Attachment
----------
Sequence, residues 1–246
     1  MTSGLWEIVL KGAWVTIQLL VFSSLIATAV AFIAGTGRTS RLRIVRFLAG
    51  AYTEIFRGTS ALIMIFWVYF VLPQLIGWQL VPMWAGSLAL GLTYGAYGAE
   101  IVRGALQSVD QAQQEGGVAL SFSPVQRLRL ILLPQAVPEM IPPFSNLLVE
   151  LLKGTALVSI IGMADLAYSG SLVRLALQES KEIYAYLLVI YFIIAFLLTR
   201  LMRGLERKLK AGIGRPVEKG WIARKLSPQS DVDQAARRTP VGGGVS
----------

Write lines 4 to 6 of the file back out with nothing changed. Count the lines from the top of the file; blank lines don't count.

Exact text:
   101  IVRGALQSVD QAQQEGGVAL SFSPVQRLRL ILLPQAVPEM IPPFSNLLVE
   151  LLKGTALVSI IGMADLAYSG SLVRLALQES KEIYAYLLVI YFIIAFLLTR
   201  LMRGLERKLK AGIGRPVEKG WIARKLSPQS DVDQAARRTP VGGGVS